The DrillMaster Response

DrillMaster Color Guard/Color Team, Commentary, Drill Teams, Honor Guard 1 Comment

While a massive majority of readers understand exactly what I do, there a tiny few who feel that I need to be told how to do what I do. However, those few are very few and are disrespectful, arrogant, selfish, prideful, vulgar, and many times childish.

Before we continue, let’s define some terms. We need to because some believe they already know what these terms mean, but in reality, they don’t understand them at all and that leads not only to confusing communication but also an adversarial atmosphere which accomplishes nothing.

Applicable Terms

Scorn: a feeling and expression of contempt or disdain for someone or something.

Rebuke/Scold/Reproach: express sharp disapproval or criticism of (someone) because of their behavior or actions.


  • The expression of disapproval of someone or something based on perceived faults or mistakes.
  • The analysis and judgement of the merits and faults of a performance.

Constructive Criticism: The process of offering valid and well-reasoned opinions about the work of others, usually involving both positive and negative comments, not in an oppositional but professional manner.

Destructive Criticism: Purely negative comments purposefully designed as an attack against another. It is never useful.

You Put on a Uniform…

When you put on a uniform, you incur a certain amount of responsibility and certain standards must be met. In the case of a cadet org, your responsibility is to your unit, (school), community, cadet HQ, the service (AF, etc.), and the USA (in the case of a color guard). You are not just a regular Joe or Jane. Same for everyone in uniform. You represent something bigger than yourself.

When in that uniform and you pick up a piece of equipment, even more responsibility and higher standards come your way. You will be held accountable eventually. Don’t like it? Don’t do it.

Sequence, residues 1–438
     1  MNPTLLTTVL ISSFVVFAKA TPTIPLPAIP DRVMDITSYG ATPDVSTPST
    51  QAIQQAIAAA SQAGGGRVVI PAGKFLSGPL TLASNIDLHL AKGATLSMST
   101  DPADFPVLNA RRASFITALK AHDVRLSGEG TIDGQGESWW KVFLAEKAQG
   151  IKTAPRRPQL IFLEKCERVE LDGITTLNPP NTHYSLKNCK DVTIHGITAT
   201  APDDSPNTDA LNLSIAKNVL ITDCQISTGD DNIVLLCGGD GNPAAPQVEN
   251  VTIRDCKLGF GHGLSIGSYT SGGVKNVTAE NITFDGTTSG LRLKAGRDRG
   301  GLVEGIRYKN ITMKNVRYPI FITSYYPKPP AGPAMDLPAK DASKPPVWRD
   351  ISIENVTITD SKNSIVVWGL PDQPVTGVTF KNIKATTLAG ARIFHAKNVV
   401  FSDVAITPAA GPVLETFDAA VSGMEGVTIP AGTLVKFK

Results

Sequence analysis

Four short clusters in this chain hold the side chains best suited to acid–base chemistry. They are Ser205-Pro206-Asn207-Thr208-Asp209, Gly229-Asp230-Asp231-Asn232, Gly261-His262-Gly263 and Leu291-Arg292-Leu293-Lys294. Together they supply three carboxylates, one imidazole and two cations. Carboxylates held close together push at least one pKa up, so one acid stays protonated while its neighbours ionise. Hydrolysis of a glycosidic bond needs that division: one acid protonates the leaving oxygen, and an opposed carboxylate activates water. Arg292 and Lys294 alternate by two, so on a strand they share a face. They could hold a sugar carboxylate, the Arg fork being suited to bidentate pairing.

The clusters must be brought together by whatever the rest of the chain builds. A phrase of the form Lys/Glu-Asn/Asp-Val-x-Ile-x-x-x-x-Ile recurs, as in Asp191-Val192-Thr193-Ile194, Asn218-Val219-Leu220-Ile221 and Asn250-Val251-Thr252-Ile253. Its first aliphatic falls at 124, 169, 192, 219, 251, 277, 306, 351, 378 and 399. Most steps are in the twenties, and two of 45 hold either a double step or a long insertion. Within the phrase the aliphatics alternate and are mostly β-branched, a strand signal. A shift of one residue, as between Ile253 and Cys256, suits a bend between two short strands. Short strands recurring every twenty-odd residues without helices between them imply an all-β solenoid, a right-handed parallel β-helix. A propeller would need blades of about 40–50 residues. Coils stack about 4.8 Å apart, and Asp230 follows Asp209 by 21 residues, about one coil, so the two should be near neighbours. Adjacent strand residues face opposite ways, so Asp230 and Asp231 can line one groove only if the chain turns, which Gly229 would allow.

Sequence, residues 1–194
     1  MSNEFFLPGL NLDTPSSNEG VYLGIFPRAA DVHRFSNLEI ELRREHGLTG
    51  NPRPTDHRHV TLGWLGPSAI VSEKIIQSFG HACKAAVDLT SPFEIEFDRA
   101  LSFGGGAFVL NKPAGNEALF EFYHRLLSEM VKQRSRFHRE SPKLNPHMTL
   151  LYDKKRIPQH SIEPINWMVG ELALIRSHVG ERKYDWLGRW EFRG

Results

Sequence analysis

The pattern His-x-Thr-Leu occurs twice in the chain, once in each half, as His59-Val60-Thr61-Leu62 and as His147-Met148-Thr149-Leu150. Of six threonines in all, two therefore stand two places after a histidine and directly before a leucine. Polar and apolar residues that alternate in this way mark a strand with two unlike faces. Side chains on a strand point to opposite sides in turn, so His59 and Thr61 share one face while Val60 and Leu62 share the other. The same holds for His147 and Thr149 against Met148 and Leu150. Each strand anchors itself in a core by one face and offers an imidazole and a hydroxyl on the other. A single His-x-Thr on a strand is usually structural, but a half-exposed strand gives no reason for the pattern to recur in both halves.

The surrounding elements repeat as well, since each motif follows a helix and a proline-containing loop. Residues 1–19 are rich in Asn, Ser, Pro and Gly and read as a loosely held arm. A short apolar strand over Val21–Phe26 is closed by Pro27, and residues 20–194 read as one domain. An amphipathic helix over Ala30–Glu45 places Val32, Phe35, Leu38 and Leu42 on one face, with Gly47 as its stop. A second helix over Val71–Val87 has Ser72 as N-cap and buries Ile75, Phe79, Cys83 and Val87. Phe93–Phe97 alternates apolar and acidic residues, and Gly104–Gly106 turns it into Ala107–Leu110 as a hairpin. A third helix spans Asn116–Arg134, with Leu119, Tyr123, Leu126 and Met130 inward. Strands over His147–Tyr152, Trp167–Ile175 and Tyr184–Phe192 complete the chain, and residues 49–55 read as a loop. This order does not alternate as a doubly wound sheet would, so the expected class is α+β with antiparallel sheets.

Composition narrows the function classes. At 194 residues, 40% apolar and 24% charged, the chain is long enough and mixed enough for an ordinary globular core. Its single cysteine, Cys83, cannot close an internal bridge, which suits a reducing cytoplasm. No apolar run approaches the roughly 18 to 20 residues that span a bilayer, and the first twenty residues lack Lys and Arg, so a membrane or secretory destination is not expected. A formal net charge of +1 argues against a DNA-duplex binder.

Why do we have competitions?

To hone our skills and to ensure we are following standards (regulation drill) and/or to display our expertise in a certain area to where others approach us to find out how we train and practice. A competition is not about seeing who is better than others, but who or which team has better training and more efficient practice methods. Seeing competitors as the adversary is the wrong outlook.

Team Green should be able to go to Team Blue and ask, “How did you XYZ?” and Team Blue should then be able to then give an explanation. This is explained in the aphorism first coined by President John F. Kennedy, “a rising tide lifts all boats”. It is the idea that improvements in an economy will benefit all participants (all teams) in that economy. For our purposes here economy means a particular system and that system is the Military Drill World.


I have been judging visual performances for many years. While I was stationed in Netherlands, I was certified by Color Guard Nederland (the Dutch sister organization of Winter Guard International) as a General Effect Visual adjudicator. I judged for Drum Corps United Kingdom, Drum Corps Holland, and the Pacific Coast Judges Association in California. Since 1994 I have judged JROTC drill meets in several states and different countries and have judged a fire department honor guard competition. If you look at my Instagram account you will see that I have “judged” thousands of videos and images sent in by followers and posted them on the account. This doesn’t take into account the multiple hundreds of MP3 files that I have sent to Active Duty, Guard, and Reserve military members from all services (yes, Soldiers, Marines, Sailors, Airmen, & Coast Guardsmen), international drill teams, solo Drillers, JROTC instructors, and cadets with my real-time feedback of their performance.